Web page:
California Awards $27.3M to Demonstrate Microgrids and EV Charging

Feb. 4, 2015
California is on its way to building 10 new microgrid and EV charging projects with $27.3 million awarded this week in state funds.

The California Energy Commission staff has recommended $27.3 million in funding for 10 microgrid and electric vehicle charging projects as a result of a competitive solicitation  (PON-14-301.)

Announced February 3, the winners were among 40 projects that bid into a request for proposals by the November 17 deadline. The winners will provide more than $11 million in matching funds for the projects.

Microgrids won the bulk of the money; the remaining $5.5 million went to grid-linked charging stations.

The winners include three colleges:

  • Humboldt State University for a low-carbon community microgrid ($5M – the highest single award)
  • Chabot-Las Positas Community College District for a microgrid automation project ($1.52M)
  • University of California, Los Angeles to demonstrate plug-in electric vehicle smart charging and storage to support the grid ($1.98M)

San Diego Gas & Electric, the only utility winner, received $4.7 million for a photovoltaic microgrid.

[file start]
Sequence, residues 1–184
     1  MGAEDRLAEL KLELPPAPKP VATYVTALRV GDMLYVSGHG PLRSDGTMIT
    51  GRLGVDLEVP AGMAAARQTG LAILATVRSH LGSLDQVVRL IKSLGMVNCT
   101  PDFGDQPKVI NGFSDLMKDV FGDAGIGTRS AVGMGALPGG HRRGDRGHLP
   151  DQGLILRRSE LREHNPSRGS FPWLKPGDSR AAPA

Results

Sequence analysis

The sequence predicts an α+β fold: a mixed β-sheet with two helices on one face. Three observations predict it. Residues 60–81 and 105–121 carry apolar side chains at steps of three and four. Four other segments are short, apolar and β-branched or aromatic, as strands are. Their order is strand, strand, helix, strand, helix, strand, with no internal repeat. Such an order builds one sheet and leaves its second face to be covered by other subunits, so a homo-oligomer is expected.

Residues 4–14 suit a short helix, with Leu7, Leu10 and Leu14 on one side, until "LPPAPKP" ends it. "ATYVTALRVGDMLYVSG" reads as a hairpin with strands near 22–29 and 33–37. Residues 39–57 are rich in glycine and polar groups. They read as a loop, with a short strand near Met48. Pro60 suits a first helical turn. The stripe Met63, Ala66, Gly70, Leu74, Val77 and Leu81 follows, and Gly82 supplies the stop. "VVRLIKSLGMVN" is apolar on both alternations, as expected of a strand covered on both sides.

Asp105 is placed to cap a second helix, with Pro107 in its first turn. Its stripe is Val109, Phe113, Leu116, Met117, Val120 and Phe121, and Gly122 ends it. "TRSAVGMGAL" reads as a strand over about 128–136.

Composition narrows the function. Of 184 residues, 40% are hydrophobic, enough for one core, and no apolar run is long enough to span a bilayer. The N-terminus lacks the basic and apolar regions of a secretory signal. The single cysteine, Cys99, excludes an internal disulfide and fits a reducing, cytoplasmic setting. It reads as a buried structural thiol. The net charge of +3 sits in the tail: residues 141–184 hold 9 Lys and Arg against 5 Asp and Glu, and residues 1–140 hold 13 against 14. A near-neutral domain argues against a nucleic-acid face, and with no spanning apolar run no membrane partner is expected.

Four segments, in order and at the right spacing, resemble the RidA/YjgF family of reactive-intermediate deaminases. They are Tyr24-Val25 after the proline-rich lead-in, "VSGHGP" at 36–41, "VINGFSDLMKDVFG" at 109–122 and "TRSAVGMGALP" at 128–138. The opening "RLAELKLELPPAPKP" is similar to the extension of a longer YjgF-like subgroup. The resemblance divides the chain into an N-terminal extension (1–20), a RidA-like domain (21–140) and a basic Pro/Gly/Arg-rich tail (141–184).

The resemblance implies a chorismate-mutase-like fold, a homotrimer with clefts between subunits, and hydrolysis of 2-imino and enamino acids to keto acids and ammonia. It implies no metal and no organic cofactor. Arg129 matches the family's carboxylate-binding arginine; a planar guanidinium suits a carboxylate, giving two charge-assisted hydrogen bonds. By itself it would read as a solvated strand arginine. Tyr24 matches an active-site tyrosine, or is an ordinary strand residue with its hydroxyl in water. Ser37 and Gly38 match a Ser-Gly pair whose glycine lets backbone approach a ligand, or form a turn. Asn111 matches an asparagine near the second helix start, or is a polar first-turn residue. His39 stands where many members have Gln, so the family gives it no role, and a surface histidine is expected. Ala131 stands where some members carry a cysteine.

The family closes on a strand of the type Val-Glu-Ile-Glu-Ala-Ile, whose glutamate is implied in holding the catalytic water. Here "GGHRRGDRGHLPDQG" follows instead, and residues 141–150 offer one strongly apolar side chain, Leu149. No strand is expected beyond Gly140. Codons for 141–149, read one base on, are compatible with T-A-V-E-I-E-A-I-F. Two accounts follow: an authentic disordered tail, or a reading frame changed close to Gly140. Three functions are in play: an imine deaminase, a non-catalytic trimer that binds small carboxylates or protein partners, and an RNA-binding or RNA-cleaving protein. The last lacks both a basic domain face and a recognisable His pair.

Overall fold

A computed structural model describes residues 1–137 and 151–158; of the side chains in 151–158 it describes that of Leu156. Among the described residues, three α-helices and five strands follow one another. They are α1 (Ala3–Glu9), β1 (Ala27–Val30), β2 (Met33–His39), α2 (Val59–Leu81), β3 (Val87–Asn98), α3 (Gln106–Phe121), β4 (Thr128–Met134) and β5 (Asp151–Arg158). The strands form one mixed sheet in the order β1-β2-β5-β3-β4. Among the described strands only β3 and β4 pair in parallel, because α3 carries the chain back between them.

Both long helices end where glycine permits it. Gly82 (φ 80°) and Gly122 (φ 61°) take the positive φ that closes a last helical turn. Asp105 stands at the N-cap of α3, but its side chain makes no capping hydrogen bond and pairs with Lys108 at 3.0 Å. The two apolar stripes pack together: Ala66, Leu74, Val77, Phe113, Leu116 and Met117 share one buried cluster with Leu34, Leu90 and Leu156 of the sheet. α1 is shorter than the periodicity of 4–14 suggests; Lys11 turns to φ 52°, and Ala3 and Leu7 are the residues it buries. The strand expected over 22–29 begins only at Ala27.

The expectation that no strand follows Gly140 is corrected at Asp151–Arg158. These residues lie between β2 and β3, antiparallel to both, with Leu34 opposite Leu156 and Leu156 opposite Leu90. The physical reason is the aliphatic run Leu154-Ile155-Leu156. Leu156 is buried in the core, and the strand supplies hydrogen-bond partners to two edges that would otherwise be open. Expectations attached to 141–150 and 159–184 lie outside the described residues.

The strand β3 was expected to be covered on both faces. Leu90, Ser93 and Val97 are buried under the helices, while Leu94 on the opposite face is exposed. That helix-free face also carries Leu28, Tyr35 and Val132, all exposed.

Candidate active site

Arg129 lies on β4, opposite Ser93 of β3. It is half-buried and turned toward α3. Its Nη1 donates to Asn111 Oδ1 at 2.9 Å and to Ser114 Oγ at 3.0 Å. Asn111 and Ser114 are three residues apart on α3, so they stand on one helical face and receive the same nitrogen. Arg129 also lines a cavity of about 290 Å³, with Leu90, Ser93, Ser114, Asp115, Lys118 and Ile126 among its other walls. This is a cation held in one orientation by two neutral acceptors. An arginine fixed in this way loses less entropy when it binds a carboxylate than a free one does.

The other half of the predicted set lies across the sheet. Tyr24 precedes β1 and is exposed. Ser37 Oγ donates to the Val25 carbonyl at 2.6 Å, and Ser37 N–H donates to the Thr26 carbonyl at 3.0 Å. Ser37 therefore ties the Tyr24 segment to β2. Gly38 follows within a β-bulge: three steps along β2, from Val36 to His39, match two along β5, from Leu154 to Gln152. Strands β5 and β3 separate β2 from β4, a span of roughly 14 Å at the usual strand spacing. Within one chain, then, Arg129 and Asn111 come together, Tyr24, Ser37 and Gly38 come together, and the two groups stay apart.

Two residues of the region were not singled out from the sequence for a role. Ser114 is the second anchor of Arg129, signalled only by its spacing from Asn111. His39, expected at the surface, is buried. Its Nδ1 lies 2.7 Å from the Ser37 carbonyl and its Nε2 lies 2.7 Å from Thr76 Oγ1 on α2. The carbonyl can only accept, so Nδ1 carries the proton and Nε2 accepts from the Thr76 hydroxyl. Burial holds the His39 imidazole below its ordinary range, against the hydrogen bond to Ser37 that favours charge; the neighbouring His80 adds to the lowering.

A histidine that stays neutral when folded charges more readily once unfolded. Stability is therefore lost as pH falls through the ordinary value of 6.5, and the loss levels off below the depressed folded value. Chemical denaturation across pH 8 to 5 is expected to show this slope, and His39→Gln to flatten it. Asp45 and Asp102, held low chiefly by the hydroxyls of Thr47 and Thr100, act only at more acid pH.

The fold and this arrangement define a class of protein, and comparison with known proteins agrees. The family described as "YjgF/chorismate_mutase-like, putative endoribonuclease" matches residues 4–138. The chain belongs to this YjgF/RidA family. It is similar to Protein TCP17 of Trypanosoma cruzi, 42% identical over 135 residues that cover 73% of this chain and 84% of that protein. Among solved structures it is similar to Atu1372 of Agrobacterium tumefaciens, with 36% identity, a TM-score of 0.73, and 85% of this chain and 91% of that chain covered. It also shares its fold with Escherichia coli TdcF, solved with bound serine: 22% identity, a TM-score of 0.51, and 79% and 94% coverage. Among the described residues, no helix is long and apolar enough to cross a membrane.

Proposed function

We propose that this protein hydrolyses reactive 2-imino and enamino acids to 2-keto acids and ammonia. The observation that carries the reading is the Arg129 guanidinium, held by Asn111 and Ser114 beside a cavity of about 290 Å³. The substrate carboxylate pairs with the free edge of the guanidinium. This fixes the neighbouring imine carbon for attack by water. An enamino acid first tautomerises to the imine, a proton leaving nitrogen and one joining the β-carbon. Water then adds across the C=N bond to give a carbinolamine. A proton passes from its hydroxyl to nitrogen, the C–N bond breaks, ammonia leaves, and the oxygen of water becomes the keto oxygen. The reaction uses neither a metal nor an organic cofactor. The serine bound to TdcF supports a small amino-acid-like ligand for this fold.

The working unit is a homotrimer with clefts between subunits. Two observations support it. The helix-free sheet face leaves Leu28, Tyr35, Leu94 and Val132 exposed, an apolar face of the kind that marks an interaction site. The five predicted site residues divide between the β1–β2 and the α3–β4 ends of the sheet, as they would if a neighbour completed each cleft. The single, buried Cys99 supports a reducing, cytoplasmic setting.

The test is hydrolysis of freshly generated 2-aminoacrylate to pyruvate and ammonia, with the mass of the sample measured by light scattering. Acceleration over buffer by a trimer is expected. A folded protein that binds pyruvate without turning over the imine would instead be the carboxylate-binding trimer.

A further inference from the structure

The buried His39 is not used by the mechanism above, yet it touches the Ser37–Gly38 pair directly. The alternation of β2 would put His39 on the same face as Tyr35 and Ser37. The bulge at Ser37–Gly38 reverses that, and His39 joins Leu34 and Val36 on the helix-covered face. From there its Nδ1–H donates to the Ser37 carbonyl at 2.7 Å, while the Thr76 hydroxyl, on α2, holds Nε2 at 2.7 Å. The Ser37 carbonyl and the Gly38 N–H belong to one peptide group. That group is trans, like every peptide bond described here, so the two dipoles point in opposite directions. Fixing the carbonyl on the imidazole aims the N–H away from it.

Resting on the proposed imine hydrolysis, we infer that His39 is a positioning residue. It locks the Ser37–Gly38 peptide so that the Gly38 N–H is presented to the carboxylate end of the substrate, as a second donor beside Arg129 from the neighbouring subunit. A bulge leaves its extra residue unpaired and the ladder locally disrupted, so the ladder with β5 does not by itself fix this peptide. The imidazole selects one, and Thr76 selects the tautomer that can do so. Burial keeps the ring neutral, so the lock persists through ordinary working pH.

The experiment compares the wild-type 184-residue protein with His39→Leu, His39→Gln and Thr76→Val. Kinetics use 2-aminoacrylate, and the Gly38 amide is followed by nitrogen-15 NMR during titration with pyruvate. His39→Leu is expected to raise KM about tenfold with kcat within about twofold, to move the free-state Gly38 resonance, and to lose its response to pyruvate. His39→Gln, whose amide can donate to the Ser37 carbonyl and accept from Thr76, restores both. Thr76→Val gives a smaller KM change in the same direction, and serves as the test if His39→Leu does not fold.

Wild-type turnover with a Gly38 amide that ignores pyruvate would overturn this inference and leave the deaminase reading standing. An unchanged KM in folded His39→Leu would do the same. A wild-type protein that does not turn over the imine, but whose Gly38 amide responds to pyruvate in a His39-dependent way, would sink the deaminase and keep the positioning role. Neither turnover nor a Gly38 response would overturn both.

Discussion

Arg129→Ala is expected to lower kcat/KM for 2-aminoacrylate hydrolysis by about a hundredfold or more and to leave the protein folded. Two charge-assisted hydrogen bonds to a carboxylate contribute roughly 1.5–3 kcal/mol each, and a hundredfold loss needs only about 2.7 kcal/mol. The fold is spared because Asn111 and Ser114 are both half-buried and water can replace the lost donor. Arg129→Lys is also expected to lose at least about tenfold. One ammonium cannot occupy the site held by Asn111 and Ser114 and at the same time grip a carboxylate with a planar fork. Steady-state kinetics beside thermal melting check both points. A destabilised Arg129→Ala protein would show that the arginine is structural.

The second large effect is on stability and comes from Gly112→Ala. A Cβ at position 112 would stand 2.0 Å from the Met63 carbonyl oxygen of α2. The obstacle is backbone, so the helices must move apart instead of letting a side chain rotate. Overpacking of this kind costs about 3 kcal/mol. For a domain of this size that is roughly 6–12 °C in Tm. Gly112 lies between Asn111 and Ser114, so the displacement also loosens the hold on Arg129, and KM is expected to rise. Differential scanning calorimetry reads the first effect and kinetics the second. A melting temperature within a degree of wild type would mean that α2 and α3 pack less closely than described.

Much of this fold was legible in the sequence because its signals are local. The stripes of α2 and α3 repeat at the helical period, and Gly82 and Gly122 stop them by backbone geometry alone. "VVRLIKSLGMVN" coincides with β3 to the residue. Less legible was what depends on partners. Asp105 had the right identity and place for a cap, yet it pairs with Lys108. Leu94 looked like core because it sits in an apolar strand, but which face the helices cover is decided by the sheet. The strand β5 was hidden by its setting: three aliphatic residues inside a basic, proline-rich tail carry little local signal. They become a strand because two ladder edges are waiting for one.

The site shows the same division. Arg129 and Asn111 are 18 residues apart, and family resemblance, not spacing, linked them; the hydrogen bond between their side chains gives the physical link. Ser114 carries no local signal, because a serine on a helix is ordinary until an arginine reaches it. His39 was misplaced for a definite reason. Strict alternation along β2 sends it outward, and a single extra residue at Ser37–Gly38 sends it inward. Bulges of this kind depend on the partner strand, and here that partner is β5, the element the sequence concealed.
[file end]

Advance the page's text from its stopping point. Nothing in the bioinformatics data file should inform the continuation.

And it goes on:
Ingersoll Rand subsidiary, Trane, was awarded $4.99 million, with $2.2 million in matching funds for a microgrid at the Laguna Wastewater Treatment Plant.

The city of Fremont, California plans to install a microgrid at a fire station, which received $1.8 million from a proposal submitted by Gridscape Solutions, an energy software and services company with offices in Fremont, the UK and India.

Before the money is released, the awards must be approved by the CEC and funding agreements executed.

Like Connecticut,New York and other states cultivating local energy, California offered the money to demonstrate the technology’s worth and encourage more private investment.

Specifically, California sought low-carbon microgrids for critical facilities; high penetration renewable energy microgrids; and grid connected PV charging projects.

The commission hopes to achieve several goals through the grant program, such as identifying barriers to microgrid development and gaining better understanding of microgrid configurations that offer ratepayers highest value.

Originally, California offered  $26.5 million for the projects with funds from the Electric Program Investment Charge (EPIC). Later it added $776,625 to bring total funding to $27,276,625.

Below is a listing from the commission of the winners and bidders.

Project Group 1: Demonstration of Low-Carbon Microgrids for Critical Facilities

Project Group 2: Demonstration of High Penetration, Renewable Microgrids

Project Group 3: Demonstration of Advanced, Smart and Bi-directional Vehicle Charging

About the Author

Elisa Wood | Editor-in-Chief

Elisa Wood is the editor and founder of She is co-founder and former editor of Microgrid Knowledge.